The U.S. House of Representatives will vote today on Speaker Paul Ryan’s proposed replacement to the Affordable Care Act, commonly known as Obamacare.
Republican leaders have been working to drum up enough votes for the bill as some GOP lawmakers have opposed the plan.
U.S. Rep. Martha Roby, R-Alabama, was one of the lawmakers advocating for the GOP to come together behind the bill.
“I’ve heard from countless constituents negatively impacted by Obamacare,” Roby said on the House floor. “I’ve listened to their stories about how higher costs and fewer choices have made it that much harder to keep their families healthy and make ends meet.
“With the American Health Care Act, we begin the process of repealing Obamacare once and for all. This bill dismantles the taxes, mandates, and entitlement spending that make up the core of Obamacare.
“It cuts taxes on prescription drugs, over-the-counter medications, insurance premiums, and medical devices. It eliminates the individual and employer mandate penalties that have forced millions into expensive, inadequate plans. It replaces the Obamacare entitlement with refundable tax credits so that people who don’t receive insurance through work can put their own tax dollars toward a health plan of their choice.”
Roby addressed the concern of some GOP lawmakers that the bill is not the full repeal promised to the American taxpayers.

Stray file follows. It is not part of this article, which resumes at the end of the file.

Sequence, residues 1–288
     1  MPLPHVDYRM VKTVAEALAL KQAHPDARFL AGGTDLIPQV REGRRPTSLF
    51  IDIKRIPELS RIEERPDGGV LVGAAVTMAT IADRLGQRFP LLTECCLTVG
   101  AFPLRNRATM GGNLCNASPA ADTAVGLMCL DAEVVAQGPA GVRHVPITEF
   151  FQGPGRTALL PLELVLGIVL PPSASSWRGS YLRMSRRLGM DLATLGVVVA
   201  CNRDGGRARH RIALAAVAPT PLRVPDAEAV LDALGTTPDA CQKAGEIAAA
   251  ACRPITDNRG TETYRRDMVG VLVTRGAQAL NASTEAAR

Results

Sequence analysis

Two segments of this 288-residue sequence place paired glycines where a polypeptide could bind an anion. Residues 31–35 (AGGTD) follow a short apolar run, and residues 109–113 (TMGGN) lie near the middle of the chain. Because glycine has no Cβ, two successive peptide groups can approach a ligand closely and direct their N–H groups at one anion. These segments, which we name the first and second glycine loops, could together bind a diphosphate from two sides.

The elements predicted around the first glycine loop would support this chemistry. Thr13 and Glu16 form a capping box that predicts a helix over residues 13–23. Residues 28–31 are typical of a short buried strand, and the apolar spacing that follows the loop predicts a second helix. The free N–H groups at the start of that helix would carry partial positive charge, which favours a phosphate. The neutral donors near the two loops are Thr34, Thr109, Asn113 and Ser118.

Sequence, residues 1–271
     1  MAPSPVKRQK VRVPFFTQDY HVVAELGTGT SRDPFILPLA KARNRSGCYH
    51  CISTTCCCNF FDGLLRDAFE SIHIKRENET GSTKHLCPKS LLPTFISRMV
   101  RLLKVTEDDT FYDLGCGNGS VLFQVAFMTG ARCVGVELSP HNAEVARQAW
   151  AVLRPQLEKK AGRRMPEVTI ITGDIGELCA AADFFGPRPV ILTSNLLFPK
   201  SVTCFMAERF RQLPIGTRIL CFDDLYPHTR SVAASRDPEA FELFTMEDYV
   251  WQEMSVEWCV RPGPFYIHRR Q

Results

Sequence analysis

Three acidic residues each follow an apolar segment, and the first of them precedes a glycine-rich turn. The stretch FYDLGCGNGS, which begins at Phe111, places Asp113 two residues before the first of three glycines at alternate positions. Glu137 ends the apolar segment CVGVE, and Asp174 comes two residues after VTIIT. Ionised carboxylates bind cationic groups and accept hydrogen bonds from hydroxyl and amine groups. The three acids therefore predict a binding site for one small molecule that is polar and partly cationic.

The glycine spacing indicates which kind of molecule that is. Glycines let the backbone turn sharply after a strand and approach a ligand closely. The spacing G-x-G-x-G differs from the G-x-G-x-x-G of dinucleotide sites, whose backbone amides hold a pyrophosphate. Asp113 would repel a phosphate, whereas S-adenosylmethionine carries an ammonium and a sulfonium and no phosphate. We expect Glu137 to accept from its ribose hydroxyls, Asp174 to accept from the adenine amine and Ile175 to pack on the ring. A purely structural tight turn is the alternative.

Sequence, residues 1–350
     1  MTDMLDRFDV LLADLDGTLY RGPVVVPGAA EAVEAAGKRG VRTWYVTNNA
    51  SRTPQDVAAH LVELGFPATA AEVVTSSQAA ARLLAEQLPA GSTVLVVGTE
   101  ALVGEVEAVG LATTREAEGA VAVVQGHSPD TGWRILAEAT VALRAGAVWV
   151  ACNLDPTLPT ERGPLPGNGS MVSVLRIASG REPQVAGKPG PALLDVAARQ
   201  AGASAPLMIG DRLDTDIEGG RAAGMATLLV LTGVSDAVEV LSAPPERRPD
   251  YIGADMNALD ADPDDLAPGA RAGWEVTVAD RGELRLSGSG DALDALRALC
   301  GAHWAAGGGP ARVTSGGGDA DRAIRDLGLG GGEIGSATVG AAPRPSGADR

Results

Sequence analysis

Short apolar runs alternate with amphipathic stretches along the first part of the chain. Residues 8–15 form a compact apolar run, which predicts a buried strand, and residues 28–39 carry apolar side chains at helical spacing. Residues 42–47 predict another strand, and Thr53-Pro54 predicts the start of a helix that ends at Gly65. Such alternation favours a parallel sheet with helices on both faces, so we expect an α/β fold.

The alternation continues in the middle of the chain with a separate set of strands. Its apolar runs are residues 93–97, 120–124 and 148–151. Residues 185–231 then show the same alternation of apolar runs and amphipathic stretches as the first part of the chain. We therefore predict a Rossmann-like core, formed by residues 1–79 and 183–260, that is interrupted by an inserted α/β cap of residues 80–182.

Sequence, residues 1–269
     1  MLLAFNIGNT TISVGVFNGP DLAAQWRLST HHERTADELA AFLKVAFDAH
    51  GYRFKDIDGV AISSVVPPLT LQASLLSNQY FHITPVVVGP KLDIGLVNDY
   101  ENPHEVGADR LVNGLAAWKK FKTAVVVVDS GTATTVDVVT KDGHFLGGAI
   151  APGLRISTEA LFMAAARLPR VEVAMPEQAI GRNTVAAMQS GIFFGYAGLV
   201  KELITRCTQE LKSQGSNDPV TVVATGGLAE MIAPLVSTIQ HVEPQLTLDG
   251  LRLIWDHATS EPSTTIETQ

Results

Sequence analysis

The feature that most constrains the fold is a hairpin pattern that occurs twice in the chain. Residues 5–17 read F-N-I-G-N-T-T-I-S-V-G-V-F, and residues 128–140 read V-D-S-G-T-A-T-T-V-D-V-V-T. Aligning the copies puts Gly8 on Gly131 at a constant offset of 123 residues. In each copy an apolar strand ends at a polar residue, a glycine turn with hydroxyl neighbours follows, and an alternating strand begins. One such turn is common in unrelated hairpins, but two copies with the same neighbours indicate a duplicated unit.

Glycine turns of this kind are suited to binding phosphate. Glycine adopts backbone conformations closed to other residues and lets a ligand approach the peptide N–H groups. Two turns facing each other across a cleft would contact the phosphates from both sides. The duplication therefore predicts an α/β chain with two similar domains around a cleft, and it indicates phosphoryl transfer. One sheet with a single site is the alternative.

“For the last several years, Americans have been sold the false hope that the government has a magic wand with which it can quickly solve all their problems,” Roby said. “The truth is, of course, that it can’t. It never can. And the only proof you need is Obamacare itself …
“Instead of one giant bill like Obamacare, we are using a more responsible, three-step process. First, we’ll repeal Obamacare with all its taxes, mandates and spending through budget reconciliation. Next, the Trump Administration will use its executive authority to weed out the more intricate Obamacare policies one-by-one to stabilize the market and lower costs. And finally, Congress will move forward with legislation addressing more specific policies, such as allowing individuals to purchase insurance across state lines.”
Many conservatives remained dug in against the measure, insisting it must repeal the law’s requirements that insurers pay for specified services like maternity care and cover all comers, including the sickest. They say those provisions must die because they drive up premiums.
“There’s not enough votes to pass it tomorrow,” said Rep. Mark Meadows, R-N.C., leader of the House Freedom Caucus, the hard-line group that has spearheaded opposition to the GOP bill. Most of the group’s roughly three dozen members seemed opposed to the legislation, more than enough to defeat it.
Republicans face an even tougher fight in the Senate, which they control by just 52-48. Six GOP senators have already said they oppose the legislation, enough to sink it without changes.
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